Importins and exportins as therapeutic targets in cancer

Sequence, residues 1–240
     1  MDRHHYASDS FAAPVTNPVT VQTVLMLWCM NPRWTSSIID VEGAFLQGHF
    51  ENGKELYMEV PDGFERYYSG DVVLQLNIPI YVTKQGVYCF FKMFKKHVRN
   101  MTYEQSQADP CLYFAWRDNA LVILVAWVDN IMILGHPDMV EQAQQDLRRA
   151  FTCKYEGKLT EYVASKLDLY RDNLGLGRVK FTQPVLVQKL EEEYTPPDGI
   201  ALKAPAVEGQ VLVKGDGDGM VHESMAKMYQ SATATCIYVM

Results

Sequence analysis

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Importins and exportins as therapeutic targets in cancer. to overcome drug resistance. F876L mutation, which confers resistance to enzalutamide, was observed in circulating tumor CD-161 DNA from anti-androgen therapy-resistant patients.11 Recent evidence suggests that the combination of anti-androgen therapies could have additive effects on androgen signaling. STAMPEDE is a randomized controlled multi-group and multi-stage study on the CD-161 effects of the combination of multiple anti-AR therapies. A recently published STAMPEDE report demonstrated an obvious survival benefit of the combination of abiraterone and ADT. In a total of 1917 patients not previously treated with hormone therapy, the 3-year survival was 83% in the combination group compared with 76% in the ADT alone group (hazard ratio [HR]: 0.63, 95% confidence interval [CI]: 0.52C0.76, 0.001).8 This encouraging finding warrants further studies of additional anti-androgen drugs in combination. However, not all anti-androgen combination studies have shown a positive outcome. Preliminary data from the PLATO trial (“type”:”clinical-trial”,”attrs”:”text”:”NCT01995513″,”term_id”:”NCT01995513″NCT01995513) on the combination of abiraterone and enzalutamide did not show a benefit on progression-free survival of CRPC.13 Long-term observations are needed for a more objective evaluation. In addition to conventional AR-targeted therapy, lipid nanoparticle-delivered antisense therapy represents a promising therapeutic direction. Antisense therapy is activated through binding to a specific RNA sequence and inhibiting the function of RNA. Lee and compared with the single agent.17 In this report, the authors also described an altered AR cistrome and enhanced AR dependence following inhibition of EZH2 in CRPC, suggesting a potentially increased efficiency of anti-androgen therapy in the presence of EZH2 inhibitor.17 The promising results from these preclinical studies provide a rationale to further investigate the clinical effects of the combination of antisense and targeted therapies. Targeting AR and AR variants The deregulation of AR splicing variants is another important mechanism of anti-androgen therapy resistance. AR variants lacking the C-terminal ligand binding domain exhibit nuclear localization and are constitutively active in the absence of androgens.18,19,20 AR-V7 is one of the most well-studied AR variants in preclinical and clinical studies. AR-V7 expression in circulating tumor cells is strongly associated with resistance to enzalutamide and abiraterone therapies in prostate cancer patients.10 The clinical findings are supported by evidence showing that knockdown of AR-V7 expression in an androgen-independent prostate cancer cell line restores the response to anti-androgen therapy.21 Given that currently available anti-androgen drugs mainly target the C-terminal ligand binding domain of AR and are expected to CD-161 be ineffective for inhibiting AR variants, how to block the activity of AR variants has become an attractive topic in recent years. One possible strategy is to develop inhibitors targeting conserved regions of both AR and AR variants. The N-terminal activation function-1 (AF-1) domain of AR is essential for both full-length AR and AR variants. Thus, the N-terminal domain of AR is a promising drug target to overcome AR variant-induced CD-161 anti-androgen drug resistance. EPI belongs to a set of small molecules that target the N-terminal domain of AR. EPI-001 was found to bind to AR and block the protein-protein interaction of AR and coactivators, in turn inhibiting the transcriptional activity of both AR and AR variants.22,23 However, the excessive high pill burden caused early termination of phase I/II trials of EPI-506 in CRPC with progression after enzalutamide or abiraterone (“type”:”clinical-trial”,”attrs”:”text”:”NCT02606123″,”term_id”:”NCT02606123″NCT02606123). Notably, the excessive adverse effects may be solved by the addition of a secondary anti-androgen therapy. Theoretically, the dose of each drug can be lowered in combination to achieve a similar efficacy. The AR N-terminal targeting antagonist sintokamide A (SINT-1) is CD-161 shown to block the protein-protein interactions with AR functional partners and inhibit the activity of both AR and AR variants.24 Although SINT-1 and EPI compound both targets the N-terminal part of AR, these drugs may exert anti-androgen functions via different mechanisms. EPI was observed to inhibit AR expression at both mRNA and protein levels, and it was able to block interleukin 6 (IL-6)-induced transactivation of AR. In contrast, SINT-1 did not affect AR expression and was able to significantly inhibit forskolin-induced AR transactivation.24 Importantly, this report demonstrated an additive inhibitory effect on PSA luciferase activity in cells treated with the combination of EPI and SINT-1 compared with either drug alone. The DNA-binding domain (DBD) is another conserved region in both AR and AR variants. Researchers have Rabbit polyclonal to IL13 identified a surfaced exposed pocket on DBD, which can serve as a potential target site. DBD targeting compounds VPC-14228/14449 have been shown to diminish the interaction of AR with androgen response element; therefore, VPC-14228/14449 can.